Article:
TURKEY: THE BACKSTAGE TROUBLES OF A ONE-MAN SHOW

​No one can dispute that Turkish politics is increasingly a one-man show. After winning a first-round presidential ballot outright on Sunday, Recep Tayyip Erdogan — who has already purged thousands of officials, warped the courts, and muzzled the media — jumped through what looked like the last hoop in his multi-year push to bring the country’s political system more firmly under his control. He will begin a fresh five-year term with vastly-expanded new presidential powers.


But Mr. Erdogan isn’t yet the modern Sultan that he seemingly aspires (and his critics sometimes make him out) to be. His election victory — in which he managed to secure just 52.4 percent despite almost complete control over domestic media — was by no means resounding. Turkish society remains deeply divided, and despite growing constraints, real political parties that oppose him continue to thrive, at least for now.

What’s more, his AKP party suffered a decline in support and failed to win outright control over parliament, meaning it will rely on a partner for a legislative majority. That partner is the ultranationalist MHP party, which joined forces with the AKP in the election. Erdogan will need MHP votes to pass legislation or to stave off parliamentary challenges to his decrees. Erdogan will also need the MHP’s help to win some difficult municipal elections next year.

The MHP could prove to be a thorny partner: its demands for harsher policy towards the Kurds will inflame tensions at home and risk fresh tensions with NATO allies who support Kurdish enclaves across the border. The MHP also wants to loosen the budgetary purse strings, precisely when foreign creditors are already punishing Turkey for pumping too much money into the economy.

To be clear, Erdogan has done much to bend the Turkish political system to his will over the past fifteen years. The country is already one of the world’s biggest democratic “backsliders.” And yet there are still parts of that system that remain resistant to his brand of authoritarianism.

Whether Erdogan will use his new powers to break those last ramparts of resistance — and whether that effort decisively levels his opponents or ends up destabilizing his country more broadly — will be the critical story as Turkey lurches into a new and deeply uncertain phase of its history.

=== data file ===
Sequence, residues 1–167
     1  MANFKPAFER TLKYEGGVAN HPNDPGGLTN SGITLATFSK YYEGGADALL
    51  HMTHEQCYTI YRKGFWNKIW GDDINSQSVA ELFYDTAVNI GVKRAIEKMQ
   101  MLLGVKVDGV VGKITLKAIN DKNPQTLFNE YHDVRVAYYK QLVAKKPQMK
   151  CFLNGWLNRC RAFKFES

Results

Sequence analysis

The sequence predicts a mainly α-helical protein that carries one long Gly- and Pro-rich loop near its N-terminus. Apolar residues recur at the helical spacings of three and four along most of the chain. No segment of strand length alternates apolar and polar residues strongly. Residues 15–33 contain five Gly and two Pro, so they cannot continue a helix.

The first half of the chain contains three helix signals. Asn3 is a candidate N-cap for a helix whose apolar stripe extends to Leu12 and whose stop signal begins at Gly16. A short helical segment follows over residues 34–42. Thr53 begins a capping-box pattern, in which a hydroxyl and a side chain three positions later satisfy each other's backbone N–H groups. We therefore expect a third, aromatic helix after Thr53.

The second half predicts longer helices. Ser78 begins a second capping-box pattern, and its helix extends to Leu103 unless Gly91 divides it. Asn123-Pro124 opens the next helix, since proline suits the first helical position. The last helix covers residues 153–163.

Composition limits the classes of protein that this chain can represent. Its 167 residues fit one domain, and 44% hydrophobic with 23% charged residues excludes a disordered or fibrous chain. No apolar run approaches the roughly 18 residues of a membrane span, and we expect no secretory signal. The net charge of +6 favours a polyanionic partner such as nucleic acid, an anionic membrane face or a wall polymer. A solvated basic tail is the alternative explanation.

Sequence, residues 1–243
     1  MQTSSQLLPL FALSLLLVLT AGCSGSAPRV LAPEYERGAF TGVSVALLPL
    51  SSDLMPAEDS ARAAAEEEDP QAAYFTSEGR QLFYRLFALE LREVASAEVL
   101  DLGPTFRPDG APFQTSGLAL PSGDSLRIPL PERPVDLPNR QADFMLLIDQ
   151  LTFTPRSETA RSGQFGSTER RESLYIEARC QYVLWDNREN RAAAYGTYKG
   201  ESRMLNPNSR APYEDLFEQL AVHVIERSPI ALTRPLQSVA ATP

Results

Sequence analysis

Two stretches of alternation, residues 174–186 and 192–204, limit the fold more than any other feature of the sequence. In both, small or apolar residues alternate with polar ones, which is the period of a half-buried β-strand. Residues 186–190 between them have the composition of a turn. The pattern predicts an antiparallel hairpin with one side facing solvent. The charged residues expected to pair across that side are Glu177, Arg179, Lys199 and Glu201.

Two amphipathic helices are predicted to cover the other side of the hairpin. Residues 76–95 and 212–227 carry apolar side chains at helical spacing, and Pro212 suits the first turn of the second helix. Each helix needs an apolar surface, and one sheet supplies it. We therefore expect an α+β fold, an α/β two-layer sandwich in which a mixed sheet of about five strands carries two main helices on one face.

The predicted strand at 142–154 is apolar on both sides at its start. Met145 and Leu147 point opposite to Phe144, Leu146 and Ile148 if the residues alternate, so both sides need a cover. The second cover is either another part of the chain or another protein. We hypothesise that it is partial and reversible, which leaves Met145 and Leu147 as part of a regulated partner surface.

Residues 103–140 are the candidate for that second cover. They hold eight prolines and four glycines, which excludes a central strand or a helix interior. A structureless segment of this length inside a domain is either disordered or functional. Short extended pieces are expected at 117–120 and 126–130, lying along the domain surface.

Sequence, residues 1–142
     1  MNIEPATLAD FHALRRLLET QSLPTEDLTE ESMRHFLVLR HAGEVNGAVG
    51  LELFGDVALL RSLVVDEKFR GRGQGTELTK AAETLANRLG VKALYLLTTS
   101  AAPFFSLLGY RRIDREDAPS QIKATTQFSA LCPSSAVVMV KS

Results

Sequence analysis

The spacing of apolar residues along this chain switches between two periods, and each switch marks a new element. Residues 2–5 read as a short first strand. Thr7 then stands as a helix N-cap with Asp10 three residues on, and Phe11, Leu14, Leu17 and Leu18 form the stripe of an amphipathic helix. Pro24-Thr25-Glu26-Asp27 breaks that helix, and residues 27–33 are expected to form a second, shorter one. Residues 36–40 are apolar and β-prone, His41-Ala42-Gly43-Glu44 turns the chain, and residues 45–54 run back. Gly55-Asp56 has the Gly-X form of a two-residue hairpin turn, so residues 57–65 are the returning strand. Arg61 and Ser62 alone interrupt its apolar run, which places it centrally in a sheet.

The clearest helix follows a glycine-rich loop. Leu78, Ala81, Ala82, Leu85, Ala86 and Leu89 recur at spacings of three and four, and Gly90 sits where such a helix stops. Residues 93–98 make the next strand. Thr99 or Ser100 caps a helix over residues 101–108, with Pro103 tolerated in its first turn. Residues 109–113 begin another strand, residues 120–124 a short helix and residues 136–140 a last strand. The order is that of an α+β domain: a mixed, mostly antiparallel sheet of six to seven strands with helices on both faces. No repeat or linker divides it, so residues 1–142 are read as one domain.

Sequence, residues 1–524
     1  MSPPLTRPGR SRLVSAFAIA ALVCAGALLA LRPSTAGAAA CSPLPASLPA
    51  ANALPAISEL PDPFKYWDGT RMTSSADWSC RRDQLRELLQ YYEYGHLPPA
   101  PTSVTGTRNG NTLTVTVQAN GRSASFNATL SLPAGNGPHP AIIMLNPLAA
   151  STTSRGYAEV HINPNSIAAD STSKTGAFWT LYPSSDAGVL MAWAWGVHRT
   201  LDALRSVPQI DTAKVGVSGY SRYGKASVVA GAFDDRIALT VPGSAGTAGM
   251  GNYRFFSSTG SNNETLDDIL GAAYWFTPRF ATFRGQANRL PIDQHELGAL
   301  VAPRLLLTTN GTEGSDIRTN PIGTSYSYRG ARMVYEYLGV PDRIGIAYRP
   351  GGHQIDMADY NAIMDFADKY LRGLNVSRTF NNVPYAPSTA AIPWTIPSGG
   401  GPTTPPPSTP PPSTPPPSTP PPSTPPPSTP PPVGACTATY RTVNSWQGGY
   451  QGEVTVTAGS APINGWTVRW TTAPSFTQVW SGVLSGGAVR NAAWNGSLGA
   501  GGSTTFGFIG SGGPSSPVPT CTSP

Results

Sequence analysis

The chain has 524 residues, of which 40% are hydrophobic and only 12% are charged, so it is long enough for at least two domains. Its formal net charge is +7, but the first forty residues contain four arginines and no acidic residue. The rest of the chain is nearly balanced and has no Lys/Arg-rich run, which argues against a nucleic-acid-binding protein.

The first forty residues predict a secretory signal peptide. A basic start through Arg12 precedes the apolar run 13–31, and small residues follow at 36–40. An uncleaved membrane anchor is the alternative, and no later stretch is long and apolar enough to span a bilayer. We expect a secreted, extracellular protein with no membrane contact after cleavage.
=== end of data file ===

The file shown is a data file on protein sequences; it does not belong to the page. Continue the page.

In 2012, the United States created the Deferred Action for Childhood Arrivals (DACA) program to protect these young people from being deported. Yet just five years later, the program was rescinded, putting close to 700,000 DACA recipients at risk of being banished from the only home they've ever known. More than five dozen of these DACA recipients at risk are Microsoft employees. These young people contribute to the company and serve its customers. They help create products, secure services, and manage finances. And like so many young people across our nation, they dream of making an honest living and a real difference in the communities in which they reside. Yet they now live in uncertainty.

Microsoft has told its Dreamers that it will stand up for them along with all the nation's DACA recipients. It will represent them in court and litigate on their behalf. That's why Microsoft joined Princeton University and Princeton student Maria De La Cruz Perales Sanchez to file one of the three cases challenging the DACA rescission that was heard on Nov. 12 by the United States Supreme Court.

Read more on Microsoft On The Issues.

What do people think is driving the stock market's recent record high gains?


Well, there's really no precise answer, but analysts point to several factors. So, number one is strong third quarter earnings. Companies have reported stronger than expected results so far this season. The second is the jobs market. You saw the October jobs numbers exceed economists' expectations. And the third is the Federal Reserve cutting interest rates three times this year. That lowers borrowing costs for consumers and businesses and encourages them to spend more.

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In the predawn hours of Tuesday morning, Israel launched a precision attack in the Gaza Strip, targeting and killing a Palestinian Islamic Jihad (PIJ) commander. In response, the terror group fired more than 220 rockets at southern Israel. Exchanges of fire have brought cities on both sides of the Gaza border to a standstill and at least 19 Palestinians are dead and dozens of Israelis wounded. With this latest escalation, Israel now faces national security crises on multiple fronts. Here's what's going on:

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